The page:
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on July 16, 2008
Finally, the last true film noir gets the treatment it deserves. It goes without saying that 8 years ago Universal did a great job, when 'Touch Of Evil' was released in a version restored to Orson Welles' original vision. However, butchered as it may have been when the studio took it away from Welles back in 1958, I still have fond memories of the theatrical version, especially the famous opening sequence.
In this sequence, which was filmed in one continuous take lasting 3 minutes and 20 seconds, the camera follows a car with a bomb in its trunk that eventually will explode, just after the car has passed the Mexican-American border. On the soundtrack of the theatrical version, this sequence was accompanied by an evil oozing theme written by Henry Mancini, full of rattling congas and a menacing dialogue between the horns.
For the restored version, Mancini's title theme has been skipped. Welles felt the threatening atmosphere would be better established by sound effects and source music coming from the surroundings, such as car radios, footsteps, and snippets of dialogue.
In my opinion, both versions have their merit. Compare them in this 50th anniversary edition (which also includes the preview version), and you'll agree that both Welles and Mancini had an evil touch.
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on April 21, 2014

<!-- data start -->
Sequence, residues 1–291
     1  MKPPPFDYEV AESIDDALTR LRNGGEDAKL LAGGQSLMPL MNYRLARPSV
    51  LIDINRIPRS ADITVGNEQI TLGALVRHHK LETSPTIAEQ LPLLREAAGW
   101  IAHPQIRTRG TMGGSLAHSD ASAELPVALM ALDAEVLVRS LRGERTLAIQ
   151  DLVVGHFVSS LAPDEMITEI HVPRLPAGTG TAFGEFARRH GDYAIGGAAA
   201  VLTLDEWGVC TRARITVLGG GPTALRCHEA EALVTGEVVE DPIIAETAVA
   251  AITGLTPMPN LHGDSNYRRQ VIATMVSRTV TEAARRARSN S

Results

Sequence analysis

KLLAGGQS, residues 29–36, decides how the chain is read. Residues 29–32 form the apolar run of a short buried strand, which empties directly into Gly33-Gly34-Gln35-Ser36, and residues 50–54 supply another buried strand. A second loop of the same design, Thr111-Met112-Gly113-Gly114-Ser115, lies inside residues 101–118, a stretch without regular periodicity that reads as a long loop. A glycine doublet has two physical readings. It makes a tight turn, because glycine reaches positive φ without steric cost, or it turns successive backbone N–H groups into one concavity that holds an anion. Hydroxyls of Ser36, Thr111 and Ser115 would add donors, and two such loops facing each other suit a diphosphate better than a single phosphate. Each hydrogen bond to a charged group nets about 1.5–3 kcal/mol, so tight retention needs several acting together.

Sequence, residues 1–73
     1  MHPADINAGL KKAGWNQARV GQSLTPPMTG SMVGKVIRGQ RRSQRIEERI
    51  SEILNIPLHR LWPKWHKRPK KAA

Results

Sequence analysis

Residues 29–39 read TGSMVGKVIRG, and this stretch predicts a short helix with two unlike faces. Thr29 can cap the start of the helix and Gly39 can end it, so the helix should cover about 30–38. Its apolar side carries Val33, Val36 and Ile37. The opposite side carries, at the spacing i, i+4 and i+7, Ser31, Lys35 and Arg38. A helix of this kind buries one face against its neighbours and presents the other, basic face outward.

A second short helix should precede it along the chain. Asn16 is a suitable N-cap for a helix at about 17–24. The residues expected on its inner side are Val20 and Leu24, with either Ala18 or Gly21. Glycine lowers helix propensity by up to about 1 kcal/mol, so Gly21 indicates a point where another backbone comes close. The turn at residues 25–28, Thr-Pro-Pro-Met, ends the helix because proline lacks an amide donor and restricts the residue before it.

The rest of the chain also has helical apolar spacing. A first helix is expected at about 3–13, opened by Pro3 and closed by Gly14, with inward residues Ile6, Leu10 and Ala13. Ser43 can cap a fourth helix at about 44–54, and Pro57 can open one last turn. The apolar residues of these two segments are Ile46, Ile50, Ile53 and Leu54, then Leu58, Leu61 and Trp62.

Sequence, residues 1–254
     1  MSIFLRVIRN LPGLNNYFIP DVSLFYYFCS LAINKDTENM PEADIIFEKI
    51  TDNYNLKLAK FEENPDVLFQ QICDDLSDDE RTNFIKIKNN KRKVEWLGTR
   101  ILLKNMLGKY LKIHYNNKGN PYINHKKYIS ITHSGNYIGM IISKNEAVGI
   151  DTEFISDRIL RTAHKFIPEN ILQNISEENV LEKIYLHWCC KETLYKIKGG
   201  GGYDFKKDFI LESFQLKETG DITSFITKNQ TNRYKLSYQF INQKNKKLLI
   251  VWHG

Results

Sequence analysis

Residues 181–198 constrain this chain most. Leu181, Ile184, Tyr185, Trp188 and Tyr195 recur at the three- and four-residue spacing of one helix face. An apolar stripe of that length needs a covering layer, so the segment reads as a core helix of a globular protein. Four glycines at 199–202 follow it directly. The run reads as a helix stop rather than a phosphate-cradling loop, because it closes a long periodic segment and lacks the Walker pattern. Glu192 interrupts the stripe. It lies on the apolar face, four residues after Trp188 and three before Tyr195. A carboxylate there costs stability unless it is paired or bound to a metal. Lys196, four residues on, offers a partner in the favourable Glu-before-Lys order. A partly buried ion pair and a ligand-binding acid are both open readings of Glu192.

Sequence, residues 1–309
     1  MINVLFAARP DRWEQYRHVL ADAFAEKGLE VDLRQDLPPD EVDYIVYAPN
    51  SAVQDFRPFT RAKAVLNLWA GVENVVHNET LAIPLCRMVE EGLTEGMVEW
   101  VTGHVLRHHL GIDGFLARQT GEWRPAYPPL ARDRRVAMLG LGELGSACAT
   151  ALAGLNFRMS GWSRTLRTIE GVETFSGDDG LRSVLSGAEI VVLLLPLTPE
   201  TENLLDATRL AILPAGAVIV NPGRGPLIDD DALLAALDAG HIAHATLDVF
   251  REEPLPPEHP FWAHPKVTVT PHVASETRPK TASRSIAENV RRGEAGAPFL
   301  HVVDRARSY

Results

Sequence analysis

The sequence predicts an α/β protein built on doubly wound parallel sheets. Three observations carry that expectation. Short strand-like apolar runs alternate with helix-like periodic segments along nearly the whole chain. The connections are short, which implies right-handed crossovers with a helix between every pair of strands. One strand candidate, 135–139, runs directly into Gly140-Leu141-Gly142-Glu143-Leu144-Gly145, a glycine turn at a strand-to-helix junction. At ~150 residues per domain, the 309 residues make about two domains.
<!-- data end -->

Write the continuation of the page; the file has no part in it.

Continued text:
It's ironic that Universal released both "Double Indemnity"(1944) and "Touch of Evil"(1958) on the same day last week because the former is considered the first of the great film noir films while the latter is considered one of the last of this unique film genre. That's the way it should be as these two great films compliment each other and are the perfect bookends to all the film noir films that came in-between these years. "Double indemnity" is considered a classic of the film noir genre but the same could not be said for "Touch of Evil" when it first came out in 1958. What Universal released to theaters in that year was not the version that Orson Welles conceived. He wrote a 58 page memo to the studio(which is included as a booklet with this new Blu-ray) suggesting that changes be made to make the story flow better. His requests were pretty much ignored and he never made another film in Hollywood. In 1998, film historian Rick Schmidlin found the memo and persuaded Universal to fund a restoration. Re-released in 1998, "Touch of Evil" is now considered a classic and that is certainly brought out is this stunning new Blu-ray from Universal. Viewers have the option of watching all three versions of the film: the "reconstructed version"(111 minutes) from 1998, the "original theatrical version"(96 minutes) from 1958 and the "preview version"(109 minutes) from 1976. This Blu-ray review is for the "reconstructed version" and it looks absolutely glorious on Blu-ray. Welles was notorious for using deep focus photography in the films he directed and he worked with great cinematographers over the years. Russell Metty was the cinematographer for "Touch of Evil" and although filmed in black and white, details are more prominent now than they were in the standard DVD, especially in the close-ups. The story is complicated and it may take more than one viewing to understand what's going on, but it has all the elements of classic film noir including murder, betrayal, and above all corruption. It might not be to everyone's liking but after repeated viewings it grows on you. Metty's nighttime shots of the Mexican border-town (actually Venice, Calif.) are given new life on Blu-ray. Blacks, grays and whites are balanced throughout and shadows(there are lots of them) are more prominent. In addition to the main stars(Charlton Heston, Janet Leigh and Orson Welles)who give great performances, the supporting players give exceptional performances as well including Akim Tamiroff, Joseph Calleia, Dennis Weaver and the great Marlene Dietrich who has the best lines in the film. Joseph Cotton and Mercedes McCambridge even show up in un-credited roles. The audio has been improved also with dialogue being easily understood even when the actors are speaking at the same time. "Touch of Evil" contains the following subtitles: English SDH, French and Spanish. Audio includes: English DTS HD Master Audio 2.0 Mono, English Dolby Digital 2.0. In addition to the three versions of the film, bonus features include two documentaries and four commentaries. The packaging for this new Blu-ray presentation is different too. "Touch of Evil" comes in a solid standard Blu-ray case(not one of the eco-cutout cases) which is housed in a nice slipcase for added protection. Although it might not rank with "Double Indemnity" as classic film noir, "Touch of Evil" certainly comes close in this new Blu-ray from Universal. It should be essential to any film collectors library and comes highly recommended.